Tips from a photographer: how to write a brief for an Image Request


Not only is Pickit the perfect place to access premium stock images, but you can even crowdsource your own custom photos. Our platform allows you to post an Image Request to our global community of over 10,000 photographers. They can then go out and capture a bespoke image that’s never been seen before, just for your project. Your picture, your way.   

To get the most out of this service, you need to be able to give photographers an effective creative brief in order to harness the essence of your vision. If you’re new to the world of commissioning a photographer, you might be a little unsure of what you should include.

What Exactly Is A Creative Brief?

The creative brief does not have to be an essay. It’s just a short summary of the practical and creative elements you want to see in the finished item. It sets out expectations on both sides before you start. If you asked a chef to make a meal just for you, you’d probably give them guidance on important details, like saying you’re vegetarian or have a peanut allergy.

It’s the same with your photographer - let them be creative, but within the framework of your preferences and needs. You’re much more likely to receive something to your taste if you communicate clearly from the beginning.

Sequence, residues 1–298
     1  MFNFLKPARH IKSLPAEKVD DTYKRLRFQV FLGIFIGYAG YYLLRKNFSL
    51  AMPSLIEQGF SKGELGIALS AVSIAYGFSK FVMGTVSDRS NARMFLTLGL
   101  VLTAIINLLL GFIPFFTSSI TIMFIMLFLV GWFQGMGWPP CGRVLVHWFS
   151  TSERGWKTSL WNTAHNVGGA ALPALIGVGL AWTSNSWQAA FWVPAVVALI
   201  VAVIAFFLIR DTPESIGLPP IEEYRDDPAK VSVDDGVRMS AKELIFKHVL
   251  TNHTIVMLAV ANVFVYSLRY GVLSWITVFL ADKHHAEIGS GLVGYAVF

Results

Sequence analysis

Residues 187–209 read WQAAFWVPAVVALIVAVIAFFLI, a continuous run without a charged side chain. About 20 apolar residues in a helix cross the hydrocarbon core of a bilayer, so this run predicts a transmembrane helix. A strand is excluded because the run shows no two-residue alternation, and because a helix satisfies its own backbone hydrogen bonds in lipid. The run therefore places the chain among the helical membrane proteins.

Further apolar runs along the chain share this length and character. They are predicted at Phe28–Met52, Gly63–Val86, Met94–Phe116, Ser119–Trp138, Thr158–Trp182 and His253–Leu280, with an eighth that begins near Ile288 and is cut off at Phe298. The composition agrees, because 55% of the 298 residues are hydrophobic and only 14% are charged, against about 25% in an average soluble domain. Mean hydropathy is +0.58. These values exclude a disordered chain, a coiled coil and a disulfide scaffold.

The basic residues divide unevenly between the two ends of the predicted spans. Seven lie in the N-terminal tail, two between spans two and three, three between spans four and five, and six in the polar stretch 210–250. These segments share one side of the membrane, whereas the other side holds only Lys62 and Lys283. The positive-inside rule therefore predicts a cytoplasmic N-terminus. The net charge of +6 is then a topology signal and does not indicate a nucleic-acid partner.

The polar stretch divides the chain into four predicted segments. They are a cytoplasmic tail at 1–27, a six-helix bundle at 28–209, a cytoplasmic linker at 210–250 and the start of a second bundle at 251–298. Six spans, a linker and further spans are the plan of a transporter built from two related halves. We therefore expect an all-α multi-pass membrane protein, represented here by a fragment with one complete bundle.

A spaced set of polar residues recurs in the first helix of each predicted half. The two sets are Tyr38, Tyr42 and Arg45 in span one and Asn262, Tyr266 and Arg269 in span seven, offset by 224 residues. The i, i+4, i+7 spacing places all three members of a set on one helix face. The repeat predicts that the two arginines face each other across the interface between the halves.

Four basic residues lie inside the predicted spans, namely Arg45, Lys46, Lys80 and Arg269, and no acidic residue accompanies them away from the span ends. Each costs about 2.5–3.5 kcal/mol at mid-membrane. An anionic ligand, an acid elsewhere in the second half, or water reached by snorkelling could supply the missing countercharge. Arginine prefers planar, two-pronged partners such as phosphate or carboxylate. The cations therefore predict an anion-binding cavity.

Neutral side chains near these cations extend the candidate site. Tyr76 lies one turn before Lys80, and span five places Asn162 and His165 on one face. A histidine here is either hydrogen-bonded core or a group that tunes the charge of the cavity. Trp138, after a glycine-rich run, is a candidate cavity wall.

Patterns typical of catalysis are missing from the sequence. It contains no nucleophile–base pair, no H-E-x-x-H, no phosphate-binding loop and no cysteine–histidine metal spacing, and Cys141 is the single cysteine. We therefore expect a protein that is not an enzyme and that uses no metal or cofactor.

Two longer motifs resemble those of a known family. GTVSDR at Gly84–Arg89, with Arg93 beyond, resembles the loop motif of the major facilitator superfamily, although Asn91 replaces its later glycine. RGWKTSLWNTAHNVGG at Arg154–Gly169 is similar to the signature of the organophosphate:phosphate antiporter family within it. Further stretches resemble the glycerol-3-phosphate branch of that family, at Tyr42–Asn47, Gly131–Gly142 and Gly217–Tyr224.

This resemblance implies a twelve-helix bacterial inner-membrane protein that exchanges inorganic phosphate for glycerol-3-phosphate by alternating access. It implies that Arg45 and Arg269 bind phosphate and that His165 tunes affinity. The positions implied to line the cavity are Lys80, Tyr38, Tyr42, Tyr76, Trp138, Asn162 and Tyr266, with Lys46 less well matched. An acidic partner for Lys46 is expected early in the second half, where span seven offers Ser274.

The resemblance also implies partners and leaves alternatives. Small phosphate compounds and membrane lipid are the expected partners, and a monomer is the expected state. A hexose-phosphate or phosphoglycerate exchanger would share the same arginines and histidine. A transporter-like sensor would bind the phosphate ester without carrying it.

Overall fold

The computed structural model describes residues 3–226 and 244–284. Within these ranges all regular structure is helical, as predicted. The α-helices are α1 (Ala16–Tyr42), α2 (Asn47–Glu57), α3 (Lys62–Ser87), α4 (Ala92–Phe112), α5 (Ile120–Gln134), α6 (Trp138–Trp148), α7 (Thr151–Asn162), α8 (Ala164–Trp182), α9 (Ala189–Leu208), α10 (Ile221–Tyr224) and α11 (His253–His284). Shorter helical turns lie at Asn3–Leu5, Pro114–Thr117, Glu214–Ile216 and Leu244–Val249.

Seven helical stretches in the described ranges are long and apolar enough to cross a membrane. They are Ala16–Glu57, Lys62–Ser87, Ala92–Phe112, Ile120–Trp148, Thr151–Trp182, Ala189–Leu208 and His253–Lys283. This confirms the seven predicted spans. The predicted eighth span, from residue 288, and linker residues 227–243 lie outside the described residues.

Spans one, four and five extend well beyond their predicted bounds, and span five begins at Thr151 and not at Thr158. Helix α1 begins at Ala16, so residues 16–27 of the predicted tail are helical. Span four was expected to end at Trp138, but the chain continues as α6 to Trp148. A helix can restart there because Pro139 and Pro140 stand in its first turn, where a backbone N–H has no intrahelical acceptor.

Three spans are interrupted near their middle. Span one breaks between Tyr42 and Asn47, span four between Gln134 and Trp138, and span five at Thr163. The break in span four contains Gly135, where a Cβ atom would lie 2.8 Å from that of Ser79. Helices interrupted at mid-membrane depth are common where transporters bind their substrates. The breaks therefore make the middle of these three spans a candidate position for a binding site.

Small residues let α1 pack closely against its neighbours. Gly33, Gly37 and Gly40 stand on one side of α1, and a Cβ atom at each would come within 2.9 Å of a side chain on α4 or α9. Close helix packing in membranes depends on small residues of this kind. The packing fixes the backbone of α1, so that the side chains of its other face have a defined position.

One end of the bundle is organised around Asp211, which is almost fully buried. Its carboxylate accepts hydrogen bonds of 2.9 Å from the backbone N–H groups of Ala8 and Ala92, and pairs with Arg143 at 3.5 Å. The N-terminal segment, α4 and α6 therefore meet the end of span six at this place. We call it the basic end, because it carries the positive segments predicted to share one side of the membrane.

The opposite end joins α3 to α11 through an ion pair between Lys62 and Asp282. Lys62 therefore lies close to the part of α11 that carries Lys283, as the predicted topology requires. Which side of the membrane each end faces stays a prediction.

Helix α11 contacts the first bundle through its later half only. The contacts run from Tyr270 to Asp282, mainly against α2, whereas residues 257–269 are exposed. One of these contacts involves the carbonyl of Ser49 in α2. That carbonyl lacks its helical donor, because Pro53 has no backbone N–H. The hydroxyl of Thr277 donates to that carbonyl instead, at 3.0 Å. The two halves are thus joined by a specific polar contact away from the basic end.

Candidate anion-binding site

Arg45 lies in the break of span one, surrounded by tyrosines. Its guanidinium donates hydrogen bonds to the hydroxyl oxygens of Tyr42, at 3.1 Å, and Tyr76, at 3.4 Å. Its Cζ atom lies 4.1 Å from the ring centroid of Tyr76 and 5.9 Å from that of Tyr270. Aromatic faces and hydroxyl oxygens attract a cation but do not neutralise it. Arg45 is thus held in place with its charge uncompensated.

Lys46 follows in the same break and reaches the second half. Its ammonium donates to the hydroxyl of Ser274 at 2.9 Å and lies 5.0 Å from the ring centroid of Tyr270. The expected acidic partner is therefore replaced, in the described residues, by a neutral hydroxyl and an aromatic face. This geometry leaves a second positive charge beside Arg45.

Set Specific Goals And Objectives:

  • Make it clear what the purpose of the photo is going to be, and for which channels: a print ad; social media post; blog post; logo etc.
  • Describe the emotions you want people to feel upon seeing the image: wonder, motivation, concern, joy etc - be a specific as you can.
  • Describe the CTA for the image - not necessarily the specific one you will publish alongside it, but the general behaviour you want to initiate from your audience: make a purchase; find out more about your brand; read more about a particular model; enter a competition etc.
  • Describe your desired audience in as much detail as possible, and include any geographic or cultural sensitivities that are important to your audience.
  • Give details of your company’s particular tone and style (if you have a style guide even better) and things to avoid - for example does your brand want to avoid images that reinforce specific cultural stereotypes.
  • Tell them how creative the photo should be - play it safe or be more risky; be literal or more metaphorical.

Of course, you should also include the practical information, such as format, deadline, your industry, desired color scheme and general theme. There’s no perfect formula for getting a stunning image.

However, by including as much detail as possible about what the photo is for, and how you want it to feel, the photographer has a much greater chance of fulfilling your brief and giving you something inspiring that will get people talking.   



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